America's Post-Crash Geography

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Clockwise from top left: The New York City Skyline (photo: KristinaMay/Flickr), the Phoenix Skyline (photo: im_me/Flickr), the renaissance center, Detroit MI (photo: nicole st. john/Flickr), and the dollhouse city San Francisco, CA (pbo/Flickr)
Clockwise from top left: The New York City skyline (photo: KristinaMay/Flickr), the Phoenix skyline (photo: im_me/Flickr), the Renaissance Center, Detroit (photo: nicole st. john/Flickr), and San Francisco (pbo/Flickr)

Acclaimed urban theorist Richard Florida says that on the other side of this economic bust, America’s economic geography will be different. Some cities, towns, regions will roar back to new prosperity. Others, he says, may find a reshaped economy passing them by. Some may be history.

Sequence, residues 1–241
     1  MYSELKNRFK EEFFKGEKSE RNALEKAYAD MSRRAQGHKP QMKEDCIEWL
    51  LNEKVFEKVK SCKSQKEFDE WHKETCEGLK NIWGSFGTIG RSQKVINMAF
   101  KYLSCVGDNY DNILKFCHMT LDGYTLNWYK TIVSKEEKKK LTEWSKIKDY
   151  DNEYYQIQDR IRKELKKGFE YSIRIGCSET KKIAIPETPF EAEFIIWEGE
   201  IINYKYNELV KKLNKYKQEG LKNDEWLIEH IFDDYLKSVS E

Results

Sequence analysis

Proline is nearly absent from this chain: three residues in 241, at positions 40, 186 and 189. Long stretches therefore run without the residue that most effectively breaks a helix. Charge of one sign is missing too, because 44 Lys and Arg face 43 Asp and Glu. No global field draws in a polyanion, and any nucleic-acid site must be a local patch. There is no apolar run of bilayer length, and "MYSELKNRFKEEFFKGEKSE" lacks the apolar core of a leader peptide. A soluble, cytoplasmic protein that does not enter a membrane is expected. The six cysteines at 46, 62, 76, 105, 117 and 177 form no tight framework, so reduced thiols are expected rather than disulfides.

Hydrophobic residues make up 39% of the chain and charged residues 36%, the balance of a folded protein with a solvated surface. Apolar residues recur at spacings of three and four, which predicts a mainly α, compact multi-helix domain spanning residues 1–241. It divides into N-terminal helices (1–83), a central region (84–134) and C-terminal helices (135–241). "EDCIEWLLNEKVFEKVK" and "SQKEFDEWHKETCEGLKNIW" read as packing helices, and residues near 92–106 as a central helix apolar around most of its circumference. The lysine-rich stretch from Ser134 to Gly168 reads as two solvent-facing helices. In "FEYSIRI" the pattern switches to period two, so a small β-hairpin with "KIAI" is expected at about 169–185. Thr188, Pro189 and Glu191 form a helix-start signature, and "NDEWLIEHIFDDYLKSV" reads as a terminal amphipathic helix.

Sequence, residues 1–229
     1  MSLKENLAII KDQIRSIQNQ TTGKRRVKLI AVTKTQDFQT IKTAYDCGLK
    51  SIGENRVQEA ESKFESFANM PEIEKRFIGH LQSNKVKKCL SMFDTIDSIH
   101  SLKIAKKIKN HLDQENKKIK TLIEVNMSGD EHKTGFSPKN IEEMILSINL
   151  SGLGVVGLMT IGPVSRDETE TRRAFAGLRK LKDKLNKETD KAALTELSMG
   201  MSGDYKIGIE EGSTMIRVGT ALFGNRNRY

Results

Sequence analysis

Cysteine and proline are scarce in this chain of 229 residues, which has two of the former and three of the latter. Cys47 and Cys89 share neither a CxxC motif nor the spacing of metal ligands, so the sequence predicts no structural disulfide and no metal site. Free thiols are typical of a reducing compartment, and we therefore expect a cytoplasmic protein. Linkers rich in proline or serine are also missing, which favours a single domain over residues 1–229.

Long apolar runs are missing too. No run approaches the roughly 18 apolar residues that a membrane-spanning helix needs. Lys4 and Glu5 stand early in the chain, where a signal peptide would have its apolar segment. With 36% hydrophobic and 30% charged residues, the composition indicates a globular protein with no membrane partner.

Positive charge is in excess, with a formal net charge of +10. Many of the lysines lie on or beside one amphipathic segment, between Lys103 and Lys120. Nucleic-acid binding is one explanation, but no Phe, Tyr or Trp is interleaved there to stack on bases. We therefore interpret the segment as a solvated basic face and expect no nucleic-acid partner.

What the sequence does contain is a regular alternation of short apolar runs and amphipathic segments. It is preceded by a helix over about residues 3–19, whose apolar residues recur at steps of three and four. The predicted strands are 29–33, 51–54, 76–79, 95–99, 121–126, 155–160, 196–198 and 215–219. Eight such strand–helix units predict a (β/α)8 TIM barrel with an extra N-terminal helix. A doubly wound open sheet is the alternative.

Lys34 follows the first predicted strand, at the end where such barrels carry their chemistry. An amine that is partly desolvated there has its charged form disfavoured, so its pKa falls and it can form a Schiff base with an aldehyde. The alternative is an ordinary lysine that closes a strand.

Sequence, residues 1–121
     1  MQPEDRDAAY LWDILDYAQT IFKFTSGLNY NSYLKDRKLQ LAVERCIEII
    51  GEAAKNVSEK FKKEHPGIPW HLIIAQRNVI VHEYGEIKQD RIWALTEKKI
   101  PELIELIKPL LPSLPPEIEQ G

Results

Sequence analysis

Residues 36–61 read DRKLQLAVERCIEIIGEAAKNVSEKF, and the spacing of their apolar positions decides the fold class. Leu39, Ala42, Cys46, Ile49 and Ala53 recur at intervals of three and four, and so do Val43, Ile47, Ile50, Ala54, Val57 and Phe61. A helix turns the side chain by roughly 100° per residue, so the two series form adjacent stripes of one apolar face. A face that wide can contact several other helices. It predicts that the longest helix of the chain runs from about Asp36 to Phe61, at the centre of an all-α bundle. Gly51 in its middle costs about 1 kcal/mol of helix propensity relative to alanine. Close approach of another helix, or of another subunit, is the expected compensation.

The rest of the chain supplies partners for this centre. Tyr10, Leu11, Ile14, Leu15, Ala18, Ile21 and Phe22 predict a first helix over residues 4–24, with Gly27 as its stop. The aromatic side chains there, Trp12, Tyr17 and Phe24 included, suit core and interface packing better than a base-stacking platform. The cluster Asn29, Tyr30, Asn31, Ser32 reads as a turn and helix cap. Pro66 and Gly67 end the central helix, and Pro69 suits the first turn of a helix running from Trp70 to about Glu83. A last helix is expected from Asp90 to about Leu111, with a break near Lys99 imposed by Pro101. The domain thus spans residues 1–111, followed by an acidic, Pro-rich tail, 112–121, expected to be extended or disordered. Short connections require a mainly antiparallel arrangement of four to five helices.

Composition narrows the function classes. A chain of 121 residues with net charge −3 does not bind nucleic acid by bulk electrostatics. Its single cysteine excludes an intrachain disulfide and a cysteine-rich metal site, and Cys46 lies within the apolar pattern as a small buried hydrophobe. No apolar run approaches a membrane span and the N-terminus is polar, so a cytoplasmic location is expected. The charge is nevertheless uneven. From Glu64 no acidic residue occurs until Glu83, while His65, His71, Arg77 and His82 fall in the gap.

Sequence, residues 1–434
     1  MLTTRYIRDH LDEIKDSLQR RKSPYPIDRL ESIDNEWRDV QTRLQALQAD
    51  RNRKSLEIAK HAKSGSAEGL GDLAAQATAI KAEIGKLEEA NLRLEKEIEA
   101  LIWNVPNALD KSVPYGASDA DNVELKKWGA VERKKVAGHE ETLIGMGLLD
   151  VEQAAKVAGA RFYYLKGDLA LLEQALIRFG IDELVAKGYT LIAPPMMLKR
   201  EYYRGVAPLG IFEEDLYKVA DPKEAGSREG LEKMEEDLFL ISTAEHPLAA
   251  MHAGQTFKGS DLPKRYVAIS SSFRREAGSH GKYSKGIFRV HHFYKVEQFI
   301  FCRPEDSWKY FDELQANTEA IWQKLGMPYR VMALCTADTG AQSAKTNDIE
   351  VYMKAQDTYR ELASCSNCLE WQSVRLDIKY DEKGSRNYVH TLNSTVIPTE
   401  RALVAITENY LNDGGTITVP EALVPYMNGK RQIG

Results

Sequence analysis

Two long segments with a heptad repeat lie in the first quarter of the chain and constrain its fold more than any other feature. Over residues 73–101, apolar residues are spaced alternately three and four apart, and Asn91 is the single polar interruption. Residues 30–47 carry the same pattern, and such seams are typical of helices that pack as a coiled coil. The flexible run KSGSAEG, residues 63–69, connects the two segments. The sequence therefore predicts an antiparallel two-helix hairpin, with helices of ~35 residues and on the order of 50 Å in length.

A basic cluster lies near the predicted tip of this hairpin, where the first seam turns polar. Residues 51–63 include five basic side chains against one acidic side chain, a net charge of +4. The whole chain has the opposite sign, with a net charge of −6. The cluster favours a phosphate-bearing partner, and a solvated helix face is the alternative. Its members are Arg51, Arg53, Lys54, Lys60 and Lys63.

This hour, On Point: Richard Florida on the new geography of success in America — after the bust.

You can join the conversation. How do you see the crash reshaping the nation? When the dust settles on our financial bust, what industries, cities, regions do you think will rise? Tell us what you think.Guests:

Joining us from Toronto is Richard Florida, director of the Martin Prosperity Institute and professor of business and creativity at the University of Toronto Business School. He's the author of the international bestsellers "The Rise of the Creative Class" and "Who’s Your City?" His new article, on the cover of The Atlantic's March issue, is "How the Crash Will Reshape America."

Joining us from Detroit is Mayor Kenneth Cockrel Jr. He has served as interim mayor since September, following the resignation of Kwame Kilpatrick, and is running against 14 other candidates in the special mayoral primary election tomorrow.

This program aired on February 23, 2009.


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